Pro Farmer Releases National Corn and Soybean Crop Estimates
Pro Farmer national corn and soybean crop estimates:
- Corn: 15.116 billion bu.; Average yield of 177 bu. per acre
- Corn +/- 1% = 15.267 billion bu. to 14.965 billion bu.; 178.8 bu. to 175.2 per acre
- Soybeans: 4.436 billion bu.; Average yield of 51.2 bu. per acre
- Soybeans +/- 2% = 4.525 billion bu. to 4.347 billion bu.; 52.2 bu. to 50.2 bu. per acre
Note: The national estimates above reflect Pro Farmer’s view on production and yields. They take into account data gathered during Crop Tour and other factors like crop maturity, acreage adjustments, historical differences in Tour data versus USDA’s final yields, areas outside those sampled on Tour, etc. That’s why the state yield numbers below differ from the Crop Tour figures. For corn, we raised harvested area by 910,000 acres (based on FSA data) versus USDA’s June estimate. USDA in August estimated the corn crop at 14.750 billion bu. on a national average yield of 174.6 bu. per acre. It estimated the bean crop at 4.339 billion bu. on a 50.0 bu. per acre yield.
Following are Pro Farmer’s state by state corn yield estimates:
Iowa: 198 bu. per acre. We saw a lot of good corn, a fair amount of bad corn and plenty in between. That’s unusual for Iowa and it will hold back the final yield.
Illinois: 212 bu. per acre. Will there be enough pockets of excellence to offset nicks from dryness and wind, enabling the crop to hit USDA’s lofty 214 bu. per acre peg? We doubt it, but it could come close. Late-season rains are needed to maintain the yield potential we measured.
Nebraska: 190 bu. per acre. Irrigated corn is going to pull up yields, offsetting some dryland losses. We measured a more mature crop that needs some rain to hold onto the yield potential it has. If rain doesn’t fall on dryland corn soon, it will go backward.
Minnesota: 170 bu. per acre. Minnesota corn has the appearance of a dry-season crop, but we were surprised just how well it held on. The crop built yield early and was spoon-fed rain in the nick of time. Central areas of the state where drought is more severe will hold down yields, but our numbers suggest USDA cut too deep with its Aug. 1 estimate.
Indiana: 200 bu. per acre. Who would’ve thought Indiana would join the 200 bu. club before Nebraska? Consistency was unbelievable. Scouts pulled just one sub-100 bu. per acre sample there. But again, rain is needed to finish strong.
Ohio: 190 bu. per acre. This is often a hit or miss state, and this year there weren’t many misses. The yield factory is there for a record crop.
South Dakota: 140 bu. per acre. Heat and dryness are going to keep the crop subpar, and scouts measured yield more so than yield potential, which is rare for the state. Rains are needed and the risk is to the downside.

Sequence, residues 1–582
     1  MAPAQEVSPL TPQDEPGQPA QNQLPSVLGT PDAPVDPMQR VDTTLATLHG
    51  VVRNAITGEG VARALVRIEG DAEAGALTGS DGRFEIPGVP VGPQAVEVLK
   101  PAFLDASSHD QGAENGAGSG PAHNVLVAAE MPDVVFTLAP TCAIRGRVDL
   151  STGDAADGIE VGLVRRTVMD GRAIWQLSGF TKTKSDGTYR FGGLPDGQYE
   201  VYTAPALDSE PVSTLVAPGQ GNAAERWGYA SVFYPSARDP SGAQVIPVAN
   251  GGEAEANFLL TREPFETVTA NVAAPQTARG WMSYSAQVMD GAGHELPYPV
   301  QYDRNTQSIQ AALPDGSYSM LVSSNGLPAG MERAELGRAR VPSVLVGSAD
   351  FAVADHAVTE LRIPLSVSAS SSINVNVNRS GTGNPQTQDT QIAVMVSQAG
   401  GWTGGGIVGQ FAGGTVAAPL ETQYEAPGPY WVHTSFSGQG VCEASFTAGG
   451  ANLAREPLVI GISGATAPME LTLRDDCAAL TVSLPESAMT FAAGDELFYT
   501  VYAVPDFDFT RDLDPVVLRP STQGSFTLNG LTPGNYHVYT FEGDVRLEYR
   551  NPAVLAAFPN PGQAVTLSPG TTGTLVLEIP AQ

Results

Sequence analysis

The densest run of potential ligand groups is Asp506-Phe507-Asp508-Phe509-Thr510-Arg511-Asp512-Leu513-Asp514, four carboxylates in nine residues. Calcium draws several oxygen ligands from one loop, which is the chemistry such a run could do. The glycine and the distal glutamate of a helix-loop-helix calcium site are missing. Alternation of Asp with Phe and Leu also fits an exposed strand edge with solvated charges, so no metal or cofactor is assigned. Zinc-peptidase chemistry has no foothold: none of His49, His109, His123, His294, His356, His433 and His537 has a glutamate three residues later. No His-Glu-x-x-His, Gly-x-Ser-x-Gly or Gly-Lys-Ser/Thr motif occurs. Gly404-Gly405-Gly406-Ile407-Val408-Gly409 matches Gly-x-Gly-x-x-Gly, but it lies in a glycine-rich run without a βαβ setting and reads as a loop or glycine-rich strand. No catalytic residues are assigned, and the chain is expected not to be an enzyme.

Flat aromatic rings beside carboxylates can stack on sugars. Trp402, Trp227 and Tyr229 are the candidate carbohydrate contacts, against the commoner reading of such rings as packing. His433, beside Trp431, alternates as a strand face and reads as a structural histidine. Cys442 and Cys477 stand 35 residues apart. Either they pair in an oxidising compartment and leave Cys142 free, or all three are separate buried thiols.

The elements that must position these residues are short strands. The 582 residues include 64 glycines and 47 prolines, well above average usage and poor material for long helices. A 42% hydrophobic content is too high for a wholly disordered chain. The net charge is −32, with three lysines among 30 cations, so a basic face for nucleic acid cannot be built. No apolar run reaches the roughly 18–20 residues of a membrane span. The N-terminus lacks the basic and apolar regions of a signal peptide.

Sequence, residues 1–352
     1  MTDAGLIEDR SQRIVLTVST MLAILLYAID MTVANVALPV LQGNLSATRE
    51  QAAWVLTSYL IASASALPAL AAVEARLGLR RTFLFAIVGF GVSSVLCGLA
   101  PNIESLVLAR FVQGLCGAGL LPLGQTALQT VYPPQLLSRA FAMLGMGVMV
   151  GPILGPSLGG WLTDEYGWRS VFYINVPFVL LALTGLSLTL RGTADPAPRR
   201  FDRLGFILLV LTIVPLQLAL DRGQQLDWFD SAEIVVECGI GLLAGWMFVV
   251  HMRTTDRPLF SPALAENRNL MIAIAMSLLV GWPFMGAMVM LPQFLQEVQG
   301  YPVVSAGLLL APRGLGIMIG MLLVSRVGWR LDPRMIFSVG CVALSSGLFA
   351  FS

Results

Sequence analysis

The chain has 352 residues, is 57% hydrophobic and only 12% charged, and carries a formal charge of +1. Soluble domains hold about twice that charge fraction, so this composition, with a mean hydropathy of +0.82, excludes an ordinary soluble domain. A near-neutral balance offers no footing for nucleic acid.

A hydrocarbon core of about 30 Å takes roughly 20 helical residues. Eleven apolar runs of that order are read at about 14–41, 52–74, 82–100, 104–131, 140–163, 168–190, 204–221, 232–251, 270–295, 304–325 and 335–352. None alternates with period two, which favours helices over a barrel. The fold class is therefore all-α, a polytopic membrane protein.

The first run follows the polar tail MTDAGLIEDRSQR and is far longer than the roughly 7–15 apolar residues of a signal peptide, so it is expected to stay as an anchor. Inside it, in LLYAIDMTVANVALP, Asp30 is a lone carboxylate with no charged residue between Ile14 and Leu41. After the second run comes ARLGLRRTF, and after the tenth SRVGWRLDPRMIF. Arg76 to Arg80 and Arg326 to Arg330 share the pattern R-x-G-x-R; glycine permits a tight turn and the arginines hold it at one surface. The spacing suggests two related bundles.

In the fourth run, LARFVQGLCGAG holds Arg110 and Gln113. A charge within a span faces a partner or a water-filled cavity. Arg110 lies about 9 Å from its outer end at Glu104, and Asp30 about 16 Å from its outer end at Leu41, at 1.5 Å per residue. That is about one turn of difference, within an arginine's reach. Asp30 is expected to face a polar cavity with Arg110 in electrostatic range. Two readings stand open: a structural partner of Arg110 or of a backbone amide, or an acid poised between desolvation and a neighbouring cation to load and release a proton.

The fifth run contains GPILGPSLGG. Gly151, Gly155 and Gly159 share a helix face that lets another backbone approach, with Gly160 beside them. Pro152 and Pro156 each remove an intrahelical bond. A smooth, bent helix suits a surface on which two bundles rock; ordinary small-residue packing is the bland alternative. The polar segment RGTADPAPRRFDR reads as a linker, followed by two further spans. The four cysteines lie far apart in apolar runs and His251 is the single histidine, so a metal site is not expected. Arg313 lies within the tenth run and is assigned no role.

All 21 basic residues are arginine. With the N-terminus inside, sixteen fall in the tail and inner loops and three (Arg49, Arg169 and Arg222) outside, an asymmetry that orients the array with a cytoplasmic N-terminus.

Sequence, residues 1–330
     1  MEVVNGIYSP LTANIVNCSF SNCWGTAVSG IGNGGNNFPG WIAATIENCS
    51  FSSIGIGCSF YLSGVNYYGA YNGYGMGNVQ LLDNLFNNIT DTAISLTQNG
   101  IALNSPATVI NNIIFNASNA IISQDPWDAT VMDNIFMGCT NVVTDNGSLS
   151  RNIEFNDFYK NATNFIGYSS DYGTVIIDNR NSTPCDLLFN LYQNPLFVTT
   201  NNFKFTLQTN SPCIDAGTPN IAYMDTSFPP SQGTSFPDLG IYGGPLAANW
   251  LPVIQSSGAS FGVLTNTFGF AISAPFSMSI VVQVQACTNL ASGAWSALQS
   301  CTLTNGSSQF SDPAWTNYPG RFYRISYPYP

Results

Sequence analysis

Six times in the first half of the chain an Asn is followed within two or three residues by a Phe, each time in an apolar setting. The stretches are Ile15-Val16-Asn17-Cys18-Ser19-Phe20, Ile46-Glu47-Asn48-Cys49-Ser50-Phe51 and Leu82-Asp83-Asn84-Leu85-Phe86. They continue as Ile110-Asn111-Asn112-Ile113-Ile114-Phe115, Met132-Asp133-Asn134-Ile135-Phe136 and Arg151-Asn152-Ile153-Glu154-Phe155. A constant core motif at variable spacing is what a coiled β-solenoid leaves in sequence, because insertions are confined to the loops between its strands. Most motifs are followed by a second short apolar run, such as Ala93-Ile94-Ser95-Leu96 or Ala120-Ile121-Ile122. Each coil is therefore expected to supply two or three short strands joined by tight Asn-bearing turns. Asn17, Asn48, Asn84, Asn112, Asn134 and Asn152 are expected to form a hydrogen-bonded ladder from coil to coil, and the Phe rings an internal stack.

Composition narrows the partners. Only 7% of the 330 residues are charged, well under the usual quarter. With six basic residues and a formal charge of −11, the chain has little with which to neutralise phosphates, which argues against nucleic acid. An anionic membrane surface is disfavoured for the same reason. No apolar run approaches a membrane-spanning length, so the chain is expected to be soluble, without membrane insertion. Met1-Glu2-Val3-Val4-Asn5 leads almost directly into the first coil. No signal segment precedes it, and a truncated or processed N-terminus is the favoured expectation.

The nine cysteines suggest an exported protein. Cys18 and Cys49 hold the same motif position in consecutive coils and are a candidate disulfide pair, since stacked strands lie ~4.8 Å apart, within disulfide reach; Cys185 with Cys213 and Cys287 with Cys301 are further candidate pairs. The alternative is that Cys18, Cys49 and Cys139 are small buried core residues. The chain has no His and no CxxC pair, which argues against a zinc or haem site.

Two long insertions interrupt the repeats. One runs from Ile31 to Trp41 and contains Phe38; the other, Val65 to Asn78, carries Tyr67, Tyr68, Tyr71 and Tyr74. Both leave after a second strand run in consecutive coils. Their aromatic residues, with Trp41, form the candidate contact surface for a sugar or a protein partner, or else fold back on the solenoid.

Following are Pro Farmer’s state-by-state soybean yield estimates:
Iowa: 57 bu. per acre. We were underwhelmed by Iowa’s bean crop. Soil moisture was up 10.5% from last year’s dry crop but down 31% from average. If the state doesn’t get rains, yields could fall even further from USDA’s Aug. 1 58-bu.-per-acre peg.
Illinois: 66 bu. per acre. The crop has a better chance than corn of hitting USDA’s forecast, in our opinion. Plants were loaded with pods and rain fell during Tour. But more will likely be needed to maximize yield potential.
Nebraska: 58 bu. per acre. We sampled a pretty average Nebraska soybean crop. That said, we’ve learned never to underestimate the ability of the Nebraska bean crop to build yield late in the season. Disease and insect pressure was limited, but the crop needs rain.
Minnesota: 46 bu. per acre. Scouts found fewer pods and less moisture than last year. And last year’s crop didn’t finish well.
Indiana: 62 bu. per acre. USDA is calling for a record crop, but getting there would require ideal conditions until harvest. The verdict is still out on whether the state will have the moisture to finish and fill pods that are there.
Ohio: 60 bu. per acre. A big crop is in the works, especially if it catches a few more rains, but the crop may have a bit too much variability to hit maximum yields. Rains fell as scouts sampled fields, which will help. But a hot, dry stretch could erode yield potential in a hurry.
South Dakota: 41 bu. per acre. Spotty rains resulted in pod counts all over the board, resulting in a fairly ordinary South Dakota bean crop. If expected rains don’t develop soon, the crop will set back.
*For more details on Pro Farmer’s crop estimates and crop tour finding, be sure to read this week’s newsletter.
Read full coverage of the 2021 Pro Farmer Midwest Crop Tour